Let $\varphi$ be a state of the $C^*$-algebra $A$, $B\subset A$ a hereditary subalgebra and $K_\varphi:=\{x\in B : 0\le x \le 1, \varphi(x)=1\}$. Let $\pi_\varphi:A\rightarrow \mathcal{B}(H_\varphi)$ be the GNS representation corresponding to $\varphi$. We can write $\varphi(x)=\langle\pi_\varphi(x)\xi_\varphi,\xi_\varphi\rangle$ for a cyclic vector $\xi_\varphi\in H_\varphi$ belonging to $\pi_\varphi$.

I already showed, that for every state $f\in S(A)$, $f\neq\varphi$, there exists $x\in K_\varphi$ such that $f(x)<1$. I now want to show, that for all $\eta\in H_\varphi$ with $\eta \perp \xi_\varphi$, there exists $x\in K_\varphi$ sucht that $\pi_\varphi(x)\eta=0$.

I have no idea how so solve this. I only know that $\langle\pi_\varphi(x)\eta,\zeta\rangle<1$ for any $\zeta\in H_\varphi$. I don't know what I'm missing.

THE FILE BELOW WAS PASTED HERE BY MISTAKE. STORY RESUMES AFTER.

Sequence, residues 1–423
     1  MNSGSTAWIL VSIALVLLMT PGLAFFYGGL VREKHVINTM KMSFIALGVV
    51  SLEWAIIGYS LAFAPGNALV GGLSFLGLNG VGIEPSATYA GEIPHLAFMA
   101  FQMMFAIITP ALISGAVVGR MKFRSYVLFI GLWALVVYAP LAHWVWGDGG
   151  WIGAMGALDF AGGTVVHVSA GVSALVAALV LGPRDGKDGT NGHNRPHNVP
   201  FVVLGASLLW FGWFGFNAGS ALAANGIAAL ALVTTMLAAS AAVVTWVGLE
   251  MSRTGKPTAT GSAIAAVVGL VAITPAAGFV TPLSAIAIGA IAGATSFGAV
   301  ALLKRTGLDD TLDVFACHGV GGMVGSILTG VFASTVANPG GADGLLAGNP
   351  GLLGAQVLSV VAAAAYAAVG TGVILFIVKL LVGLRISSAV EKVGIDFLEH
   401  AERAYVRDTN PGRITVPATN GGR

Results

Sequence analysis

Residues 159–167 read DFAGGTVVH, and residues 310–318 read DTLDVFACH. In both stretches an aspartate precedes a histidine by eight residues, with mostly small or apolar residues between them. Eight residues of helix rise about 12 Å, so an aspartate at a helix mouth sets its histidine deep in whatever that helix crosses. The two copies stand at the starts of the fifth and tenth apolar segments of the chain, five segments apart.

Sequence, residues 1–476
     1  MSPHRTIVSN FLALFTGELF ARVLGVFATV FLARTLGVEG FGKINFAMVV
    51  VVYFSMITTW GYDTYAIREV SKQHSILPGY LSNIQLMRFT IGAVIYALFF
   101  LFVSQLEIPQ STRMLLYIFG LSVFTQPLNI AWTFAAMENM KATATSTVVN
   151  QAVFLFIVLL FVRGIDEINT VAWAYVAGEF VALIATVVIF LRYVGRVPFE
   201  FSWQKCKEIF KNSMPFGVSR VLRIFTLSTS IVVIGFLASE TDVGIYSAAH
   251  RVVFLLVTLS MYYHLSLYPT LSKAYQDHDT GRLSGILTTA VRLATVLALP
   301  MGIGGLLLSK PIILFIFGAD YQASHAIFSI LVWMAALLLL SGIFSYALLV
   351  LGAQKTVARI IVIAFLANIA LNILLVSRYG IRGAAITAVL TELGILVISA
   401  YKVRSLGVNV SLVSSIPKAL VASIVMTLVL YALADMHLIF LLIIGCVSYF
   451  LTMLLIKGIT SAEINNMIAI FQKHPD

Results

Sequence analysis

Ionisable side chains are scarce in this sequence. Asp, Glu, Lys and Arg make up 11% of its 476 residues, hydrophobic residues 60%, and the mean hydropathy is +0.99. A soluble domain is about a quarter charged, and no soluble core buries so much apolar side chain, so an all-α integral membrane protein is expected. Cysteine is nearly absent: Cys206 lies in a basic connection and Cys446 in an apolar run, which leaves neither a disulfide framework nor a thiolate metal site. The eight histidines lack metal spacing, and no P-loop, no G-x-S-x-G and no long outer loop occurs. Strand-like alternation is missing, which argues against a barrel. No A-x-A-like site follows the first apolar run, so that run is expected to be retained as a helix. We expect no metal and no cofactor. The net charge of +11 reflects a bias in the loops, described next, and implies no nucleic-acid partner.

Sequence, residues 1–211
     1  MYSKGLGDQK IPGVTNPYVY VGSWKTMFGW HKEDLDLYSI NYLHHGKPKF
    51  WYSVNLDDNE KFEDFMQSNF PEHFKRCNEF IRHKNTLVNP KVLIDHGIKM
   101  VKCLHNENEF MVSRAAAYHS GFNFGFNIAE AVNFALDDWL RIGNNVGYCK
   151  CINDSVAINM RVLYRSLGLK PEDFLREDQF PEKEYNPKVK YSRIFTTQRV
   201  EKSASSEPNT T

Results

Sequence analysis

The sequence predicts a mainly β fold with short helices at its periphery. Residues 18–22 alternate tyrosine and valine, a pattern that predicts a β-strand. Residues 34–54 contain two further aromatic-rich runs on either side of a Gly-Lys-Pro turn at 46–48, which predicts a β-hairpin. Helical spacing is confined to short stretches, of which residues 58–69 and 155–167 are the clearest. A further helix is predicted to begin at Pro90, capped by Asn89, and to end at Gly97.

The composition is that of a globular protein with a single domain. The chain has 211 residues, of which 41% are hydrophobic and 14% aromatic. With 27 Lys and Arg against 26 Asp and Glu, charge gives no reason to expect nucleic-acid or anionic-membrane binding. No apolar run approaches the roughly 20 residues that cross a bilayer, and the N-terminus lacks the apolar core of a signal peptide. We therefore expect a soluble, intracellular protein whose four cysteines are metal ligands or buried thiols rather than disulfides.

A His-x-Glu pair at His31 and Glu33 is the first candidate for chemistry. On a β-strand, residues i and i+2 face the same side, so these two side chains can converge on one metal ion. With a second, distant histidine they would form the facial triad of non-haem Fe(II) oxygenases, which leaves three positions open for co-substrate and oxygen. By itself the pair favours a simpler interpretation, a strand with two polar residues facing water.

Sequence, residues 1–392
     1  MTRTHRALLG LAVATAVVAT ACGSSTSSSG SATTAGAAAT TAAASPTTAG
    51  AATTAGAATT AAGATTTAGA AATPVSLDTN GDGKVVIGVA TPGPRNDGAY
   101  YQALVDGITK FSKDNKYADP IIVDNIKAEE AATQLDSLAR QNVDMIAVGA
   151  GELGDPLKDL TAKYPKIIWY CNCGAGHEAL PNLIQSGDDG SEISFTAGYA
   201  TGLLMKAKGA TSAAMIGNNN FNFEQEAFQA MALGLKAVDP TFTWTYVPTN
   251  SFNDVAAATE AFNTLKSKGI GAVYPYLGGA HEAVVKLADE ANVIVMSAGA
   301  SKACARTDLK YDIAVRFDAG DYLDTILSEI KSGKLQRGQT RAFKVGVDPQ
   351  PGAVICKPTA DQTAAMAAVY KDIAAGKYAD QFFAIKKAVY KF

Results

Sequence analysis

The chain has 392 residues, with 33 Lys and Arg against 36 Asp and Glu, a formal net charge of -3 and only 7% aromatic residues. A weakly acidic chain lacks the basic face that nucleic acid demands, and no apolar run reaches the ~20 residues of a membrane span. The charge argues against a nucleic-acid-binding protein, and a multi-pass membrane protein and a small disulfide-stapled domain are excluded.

Thank you in advance!

Edit: I found that $\varphi$ is a pure state. With $\varphi$ a pure state, this simply follows from Kadison's transitivity theorem.

  • 2
    Something is off. If you take $f=\varphi$, you say you proved that there exists $x\in K_\varphi$ with $\varphi(x)<1$, a contradiction. – Martin Argerami Sep 12 at 22:02
  • I forgot to mention that $f$ can't be $\varphi$. Sorry, edited it in! – T.Gel Sep 13 at 7:30
  • I found that $\varphi$ is a pure state and then it simply follows from Kadison's transitivity theorem. – T.Gel Sep 13 at 11:41
  • At least you require that $f\ne\varphi$ on $B$; in many examples it is easy to construct $f\ne\varphi$ but they agree on $B$. And now you say that $\varphi$ is pure; that's nowhere in your question, where you say "let $\varphi$ be a state". – Martin Argerami Sep 13 at 18:06

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